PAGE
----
From the Lowell Sun
By Dennis Shaughnessey
LOWELL -- The sun glistened off the water and cascaded across the autumn leaves on the other side of the river.
Rowers from Lowell High School's crew team glided silently over the Merrimack River heading north, under the Rourke Bridge and out of sight, as a crowd gathered on the spacious back deck of the newly refurbished UMass Lowell Boathouse on Pawtucket Boulevard.
The structure, also known as the Bellegarde Boathouse, fell into disrepair after the spring floods of 2006 and 2007. The building was condemned, and the state Department of Conservation and Recreation ordered it to remain closed.
Parents were upset that the future of the LHS crew team was in jeopardy.
"The needs of the boathouse far exceeded (DCR's) means to take care of it," said state Sen. Steve Panagiotakos, who, along with state Rep. Thomas Golden and the rest of the city's Statehouse delegation, secured the transfer of the boathouse to the university and $1 million for repairs.
"We were able to get it open for that season, but we wanted to do something for the long term," Panagiotakos added. "Because we were able to get it to the university, we now have local control."
Work began 18 months ago. New offices, conference rooms, storage rooms, locker rooms, restrooms and a cavernous bay area are being shared by the university, the high school, the Merrimack River Rowing Association and the Lowell National Historical Park.
"Everybody was using it, and nobody was accepting any responsibility of funding it, and it was left up to the university in many cases," UMass Lowell Athletic Director Dana Skinner said. "Now it's a partnership. There are four entities with a stake in it. It's a facility that everyone can take pride in."
An old storage area at the eastern end of the building has been converted to accommodate the historical park's River as a Classroom program, in which students in grades 5-8 from local schools can participate in environmental education programs, such as water-quality testing and other lab activities.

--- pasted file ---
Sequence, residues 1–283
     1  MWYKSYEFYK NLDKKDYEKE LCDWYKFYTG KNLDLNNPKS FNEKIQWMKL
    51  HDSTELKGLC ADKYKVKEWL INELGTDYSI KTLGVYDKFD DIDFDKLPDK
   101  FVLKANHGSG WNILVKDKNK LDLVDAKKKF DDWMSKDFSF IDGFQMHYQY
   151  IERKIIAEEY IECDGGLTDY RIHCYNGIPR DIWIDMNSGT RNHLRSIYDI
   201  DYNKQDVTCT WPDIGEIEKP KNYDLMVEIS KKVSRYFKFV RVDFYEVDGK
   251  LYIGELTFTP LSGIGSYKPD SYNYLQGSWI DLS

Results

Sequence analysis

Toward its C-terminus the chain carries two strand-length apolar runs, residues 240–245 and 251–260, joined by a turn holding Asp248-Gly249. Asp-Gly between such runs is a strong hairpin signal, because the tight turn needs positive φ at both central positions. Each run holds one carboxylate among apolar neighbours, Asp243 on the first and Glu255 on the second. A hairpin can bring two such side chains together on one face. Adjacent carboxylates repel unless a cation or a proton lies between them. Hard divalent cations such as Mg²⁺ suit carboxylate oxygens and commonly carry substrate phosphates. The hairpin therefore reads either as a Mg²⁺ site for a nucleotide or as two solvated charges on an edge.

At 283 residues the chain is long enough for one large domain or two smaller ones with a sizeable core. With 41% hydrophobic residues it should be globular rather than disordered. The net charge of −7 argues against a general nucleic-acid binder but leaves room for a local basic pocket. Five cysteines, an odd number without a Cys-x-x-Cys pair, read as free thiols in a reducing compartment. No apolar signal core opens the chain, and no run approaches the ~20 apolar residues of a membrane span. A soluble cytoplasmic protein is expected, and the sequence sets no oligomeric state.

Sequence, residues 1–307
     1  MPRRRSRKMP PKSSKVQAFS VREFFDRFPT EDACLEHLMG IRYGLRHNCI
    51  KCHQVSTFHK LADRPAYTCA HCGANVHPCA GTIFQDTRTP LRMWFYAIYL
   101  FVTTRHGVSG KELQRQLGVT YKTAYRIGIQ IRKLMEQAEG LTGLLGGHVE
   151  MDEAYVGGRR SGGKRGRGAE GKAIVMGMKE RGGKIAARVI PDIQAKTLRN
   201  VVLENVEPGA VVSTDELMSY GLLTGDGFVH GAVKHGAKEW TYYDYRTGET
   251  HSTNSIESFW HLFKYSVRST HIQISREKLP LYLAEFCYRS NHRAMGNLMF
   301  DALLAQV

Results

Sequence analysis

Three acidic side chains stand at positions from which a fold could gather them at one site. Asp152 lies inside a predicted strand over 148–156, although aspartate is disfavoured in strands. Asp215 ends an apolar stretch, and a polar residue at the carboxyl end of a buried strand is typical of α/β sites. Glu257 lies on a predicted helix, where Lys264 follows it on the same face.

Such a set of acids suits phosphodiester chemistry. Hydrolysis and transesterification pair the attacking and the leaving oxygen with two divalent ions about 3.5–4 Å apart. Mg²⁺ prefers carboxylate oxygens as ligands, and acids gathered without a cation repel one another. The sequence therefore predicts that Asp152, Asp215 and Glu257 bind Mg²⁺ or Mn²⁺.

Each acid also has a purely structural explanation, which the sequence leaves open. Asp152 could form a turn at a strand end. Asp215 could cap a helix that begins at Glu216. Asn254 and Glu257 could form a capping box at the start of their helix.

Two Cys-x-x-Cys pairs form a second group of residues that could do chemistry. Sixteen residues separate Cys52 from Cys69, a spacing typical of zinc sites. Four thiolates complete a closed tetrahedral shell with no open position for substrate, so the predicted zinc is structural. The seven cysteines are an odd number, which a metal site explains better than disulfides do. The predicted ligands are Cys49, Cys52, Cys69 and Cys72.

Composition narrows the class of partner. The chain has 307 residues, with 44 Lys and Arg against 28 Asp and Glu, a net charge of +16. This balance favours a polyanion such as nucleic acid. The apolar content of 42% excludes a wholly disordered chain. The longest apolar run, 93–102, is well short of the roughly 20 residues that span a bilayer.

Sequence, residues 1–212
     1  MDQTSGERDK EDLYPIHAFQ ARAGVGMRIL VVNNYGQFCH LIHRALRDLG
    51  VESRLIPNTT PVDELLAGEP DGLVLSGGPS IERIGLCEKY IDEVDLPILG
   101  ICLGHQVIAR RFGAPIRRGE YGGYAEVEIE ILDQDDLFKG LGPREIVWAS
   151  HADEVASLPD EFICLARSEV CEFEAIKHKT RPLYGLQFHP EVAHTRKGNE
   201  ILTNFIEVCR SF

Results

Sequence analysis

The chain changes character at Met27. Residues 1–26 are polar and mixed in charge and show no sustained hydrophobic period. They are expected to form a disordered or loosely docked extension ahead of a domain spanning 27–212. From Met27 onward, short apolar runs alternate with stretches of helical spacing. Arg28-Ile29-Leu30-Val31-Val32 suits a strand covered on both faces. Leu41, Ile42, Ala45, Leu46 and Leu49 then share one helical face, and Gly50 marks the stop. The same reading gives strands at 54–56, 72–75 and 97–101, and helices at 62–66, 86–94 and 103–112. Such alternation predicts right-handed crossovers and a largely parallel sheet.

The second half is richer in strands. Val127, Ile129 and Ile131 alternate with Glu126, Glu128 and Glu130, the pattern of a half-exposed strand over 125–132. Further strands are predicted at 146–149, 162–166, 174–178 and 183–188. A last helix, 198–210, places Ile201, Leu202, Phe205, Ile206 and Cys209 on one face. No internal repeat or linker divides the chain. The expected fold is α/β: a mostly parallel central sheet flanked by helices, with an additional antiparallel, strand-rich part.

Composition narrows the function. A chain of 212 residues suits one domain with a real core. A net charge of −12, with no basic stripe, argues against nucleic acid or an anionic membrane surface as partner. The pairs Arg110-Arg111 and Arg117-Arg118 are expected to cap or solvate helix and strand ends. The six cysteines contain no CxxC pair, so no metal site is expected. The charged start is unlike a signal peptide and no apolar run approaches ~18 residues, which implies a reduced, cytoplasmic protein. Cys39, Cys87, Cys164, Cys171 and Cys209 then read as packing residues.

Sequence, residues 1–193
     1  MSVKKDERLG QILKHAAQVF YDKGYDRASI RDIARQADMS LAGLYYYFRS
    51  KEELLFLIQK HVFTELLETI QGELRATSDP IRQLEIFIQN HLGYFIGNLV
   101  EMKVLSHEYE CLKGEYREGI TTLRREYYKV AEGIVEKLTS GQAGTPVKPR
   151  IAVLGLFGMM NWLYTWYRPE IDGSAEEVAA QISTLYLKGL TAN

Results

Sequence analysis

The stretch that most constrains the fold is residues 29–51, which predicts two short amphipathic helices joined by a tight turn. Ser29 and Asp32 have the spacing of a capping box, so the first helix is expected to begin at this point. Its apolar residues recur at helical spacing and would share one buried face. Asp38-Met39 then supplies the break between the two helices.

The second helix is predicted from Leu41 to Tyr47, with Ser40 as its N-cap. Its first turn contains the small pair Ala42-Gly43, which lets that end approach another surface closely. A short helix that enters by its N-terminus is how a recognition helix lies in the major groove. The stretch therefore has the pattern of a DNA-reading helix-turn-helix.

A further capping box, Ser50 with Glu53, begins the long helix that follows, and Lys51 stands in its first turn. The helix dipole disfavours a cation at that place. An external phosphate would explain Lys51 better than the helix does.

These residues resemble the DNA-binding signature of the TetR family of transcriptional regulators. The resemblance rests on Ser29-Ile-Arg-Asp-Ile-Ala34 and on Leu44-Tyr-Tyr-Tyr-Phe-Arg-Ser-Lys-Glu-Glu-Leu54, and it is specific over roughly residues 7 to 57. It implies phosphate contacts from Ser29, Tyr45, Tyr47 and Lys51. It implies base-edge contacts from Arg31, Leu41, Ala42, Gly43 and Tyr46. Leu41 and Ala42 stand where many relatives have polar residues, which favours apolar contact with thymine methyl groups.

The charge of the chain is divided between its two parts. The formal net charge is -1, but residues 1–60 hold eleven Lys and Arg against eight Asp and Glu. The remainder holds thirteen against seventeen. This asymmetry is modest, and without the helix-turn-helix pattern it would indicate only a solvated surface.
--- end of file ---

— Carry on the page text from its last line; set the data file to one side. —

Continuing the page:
Plans call for the construction of a new dock system and, at some point, a new boat.
"We've applied for a number of grants and are hoping to attract schools from down the river in Dracut, Methuen, Tewksbury and Andover," said Pat Jones, the program's director. "We'd love to get young people to be more environmentally aware."
Merrimack River Rowing Association President Jay Feenan, whose club recently held the 29th annual Textile River Regatta, said the renovation has resulted in a 50 percent growth in membership.
"We were at the lowest we've been since 1988 in terms of numbers, because the boathouse was technically closed for two years," Feenan said. "This will provide more opportunity for anybody to join and learn how to row.
"I'm very happy to have witnessed this transformation," he added, "and I'm excited about the future of our club."
UMass Lowell Chancellor Marty Meehan called the boathouse the "jewel of the Merrimack River."
"It's a community asset with enormous potential," Meehan said. "But it's going to require innovative and strategic thinking to make it sustainable. All the partners have to come to the table."
Meehan said the partnership is looking for as much funding as it can get, whether that comes by way of user fees or renting out the facility for various functions.
"That shouldn't be too hard to do," Meehan said. "This is such a beautiful setting."